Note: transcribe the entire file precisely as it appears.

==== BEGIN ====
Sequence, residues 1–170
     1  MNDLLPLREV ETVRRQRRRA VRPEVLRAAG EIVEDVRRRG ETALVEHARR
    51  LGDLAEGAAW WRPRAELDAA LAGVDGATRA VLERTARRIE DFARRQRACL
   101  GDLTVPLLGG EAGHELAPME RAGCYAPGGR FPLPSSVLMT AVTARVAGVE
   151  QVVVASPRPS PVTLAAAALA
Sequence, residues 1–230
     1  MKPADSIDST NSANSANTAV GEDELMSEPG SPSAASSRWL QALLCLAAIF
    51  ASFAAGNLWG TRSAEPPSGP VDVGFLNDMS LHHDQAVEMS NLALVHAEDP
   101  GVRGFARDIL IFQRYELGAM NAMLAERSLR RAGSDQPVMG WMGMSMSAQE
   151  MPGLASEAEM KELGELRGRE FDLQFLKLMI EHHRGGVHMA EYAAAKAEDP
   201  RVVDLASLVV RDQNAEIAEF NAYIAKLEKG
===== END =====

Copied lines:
Sequence, residues 1–170
     1  MNDLLPLREV ETVRRQRRRA VRPEVLRAAG EIVEDVRRRG ETALVEHARR
    51  LGDLAEGAAW WRPRAELDAA LAGVDGATRA VLERTARRIE DFARRQRACL
   101  GDLTVPLLGG EAGHELAPME RAGCYAPGGR FPLPSSVLMT AVTARVAGVE
   151  QVVVASPRPS PVTLAAAALA
Sequence, residues 1–230
     1  MKPADSIDST NSANSANTAV GEDELMSEPG SPSAASSRWL QALLCLAAIF
    51  ASFAAGNLWG TRSAEPPSGP VDVGFLNDMS LHHDQAVEMS NLALVHAEDP
   101  GVRGFARDIL IFQRYELGAM NAMLAERSLR RAGSDQPVMG WMGMSMSAQE
   151  MPGLASEAEM KELGELRGRE FDLQFLKLMI EHHRGGVHMA EYAAAKAEDP
   201  RVVDLASLVV RDQNAEIAEF NAYIAKLEKG